extending French drains and a second sump pump?

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Old 11-01-17, 05:17 AM
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extending French drains and a second sump pump?

I just joined this forum and was looking for a little guidance. I bought my house (north NJ) about a year ago. I didn't spend a lot of time here this summer (long story) and when I came back in Aug. I noticed that I had water in my basement (I was not running a dehumidifier at the time). I called up a Realtor friend of mine and he recommended a contractor come out and look. The contractor said he thought the water was coming up through a crack in the floor and suggested re-sealing the floor . I paid him to do that. Now after the big storm we just had on Sun., I had a couple of inches of water in my basement again. <br />
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I do have a sump and French drains in one corner of the basement, but when I used a broom to sweep up the standing water, I noticed I was pushing the water 'uphill' to reach the sump and the French drains. It does not appear the my basement is very level. Also, I live on a mountain and the back of my house faces uphill. Why would you put the sump and French drains on the front side of the house? Because the basement is not level, the sump remains perfectly dry because the groundwater is coming up through a crack in the middle of the basement (that was supposedly resealed) and just pooling there. Should I have additional French drains put in and another sump? Any idea what that might cost?<br />
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Thanks<br />
Frank
 
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Old 11-01-17, 06:13 AM
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By far the easiest solution but also the highest chance of it not working again would be to watch the crack to see where the water is coming in and try to seal it again. Downspouts all correctly sending the water far enough away from the house? Ideally past the house downhill.
 
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Old 11-01-17, 06:29 AM
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Normally French drains should go around the entire perimeter of the house, just inside or just outside, and dump into a (usually one is enough) sump pump pit.

I t is usually easier to install a new French drain on the inside. Depending on how badly your basement floor slopes, you might not have enough grade underground to get to the existing pit and therefore have to put in a second pit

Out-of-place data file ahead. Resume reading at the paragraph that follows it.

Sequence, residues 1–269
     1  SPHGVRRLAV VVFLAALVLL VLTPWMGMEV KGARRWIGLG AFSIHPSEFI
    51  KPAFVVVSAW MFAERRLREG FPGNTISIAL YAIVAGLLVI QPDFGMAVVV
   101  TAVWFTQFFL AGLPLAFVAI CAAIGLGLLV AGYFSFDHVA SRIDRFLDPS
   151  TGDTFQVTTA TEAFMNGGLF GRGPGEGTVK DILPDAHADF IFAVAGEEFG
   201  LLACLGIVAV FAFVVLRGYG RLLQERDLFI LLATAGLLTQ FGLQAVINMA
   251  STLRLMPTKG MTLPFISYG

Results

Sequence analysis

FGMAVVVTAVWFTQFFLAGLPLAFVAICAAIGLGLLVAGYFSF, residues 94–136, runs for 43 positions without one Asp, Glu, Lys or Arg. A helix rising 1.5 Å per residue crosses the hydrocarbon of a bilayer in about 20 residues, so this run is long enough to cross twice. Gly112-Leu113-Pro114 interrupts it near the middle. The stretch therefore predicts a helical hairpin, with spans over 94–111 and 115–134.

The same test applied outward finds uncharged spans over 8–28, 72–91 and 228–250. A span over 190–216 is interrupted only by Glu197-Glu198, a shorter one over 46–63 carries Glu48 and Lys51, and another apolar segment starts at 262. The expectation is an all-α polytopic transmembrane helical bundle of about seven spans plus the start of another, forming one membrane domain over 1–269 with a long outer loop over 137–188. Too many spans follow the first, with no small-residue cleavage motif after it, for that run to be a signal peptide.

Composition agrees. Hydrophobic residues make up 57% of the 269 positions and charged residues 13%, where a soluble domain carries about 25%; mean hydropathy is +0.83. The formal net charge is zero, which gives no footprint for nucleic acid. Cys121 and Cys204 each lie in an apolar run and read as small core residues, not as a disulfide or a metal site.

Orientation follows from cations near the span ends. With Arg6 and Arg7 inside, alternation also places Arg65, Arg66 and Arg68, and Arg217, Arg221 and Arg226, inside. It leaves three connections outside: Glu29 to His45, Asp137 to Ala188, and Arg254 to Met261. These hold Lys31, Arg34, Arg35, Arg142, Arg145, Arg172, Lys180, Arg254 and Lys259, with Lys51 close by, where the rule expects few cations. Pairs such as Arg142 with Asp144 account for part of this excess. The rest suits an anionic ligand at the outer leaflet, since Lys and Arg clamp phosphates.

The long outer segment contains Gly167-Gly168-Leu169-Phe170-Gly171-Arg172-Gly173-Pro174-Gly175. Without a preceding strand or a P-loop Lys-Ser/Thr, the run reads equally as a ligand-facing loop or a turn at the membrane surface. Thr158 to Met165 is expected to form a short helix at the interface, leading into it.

The pit should be large enough or deep enough to have at least 10 gallons of space below where the lowest French drain pipe dumps in and not filled with rocks. (Twenty gallons is better but rarely found.)

The entire French drain system must be designed so that the sump pump(s) can empty things out so that all the drain pipes themselves are almost empty of water, even though some experts claim it is okay for some of the drain pipes to remain water filled some of the time.
 

Last edited by AllanJ; 11-01-17 at 06:46 AM.
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Old 11-01-17, 06:46 AM
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Thank you. The water is definitely coming up thru the center of the basement, which is also the lowest point. The fellow who resealed it seems to think it is a bigger problem. He said he was going to reach out to some other contractors he knows to come up with some idea.

Is it possible to put a floor drain in the middle of the floor and have it drain into the existing sump pump?

Also, what type of contractor should I search out? This seems to be outside of what the guy who resealed the basement is capable of handling.
 
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Old 11-01-17, 06:48 AM
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Can you identify how much it slopes? Can you add some photos of the crack, existing sump pit, and overall layout and relation to each other?
 
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Old 11-01-17, 07:01 AM
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If water is coming up through the middle of the floor, it is possible to have a branch of the French drain go diagonally from there over to the sump pump pit and it will work just as well with no floor drain. Still, branches of the French drain going all around the perimeter will probably be needed also. In the majority of cases, putting the French drain all around the perimeter will cure the seepage in the middle without a branch to the middle.

French drains will work acceptably with no slope over to the sump pit but they will not work if there is an uphill slope to the pit.
 
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Old 11-01-17, 07:52 AM
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Here is a picture of the 'low spot' near the columns. The other picture is of the sump
 
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Old 11-01-17, 07:59 AM
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Not sure if the 'crack' is visible in these photos, esp. since it was just resealed, but this is where I think the groundwater is coming in because there is no water on the perimeter
 
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Old 11-01-17, 08:33 AM
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Here is the first photo of the water this morning.

Name:  water1.jpg
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Last edited by PJmax; 11-01-17 at 08:54 AM. Reason: reoriented/enhanced pic
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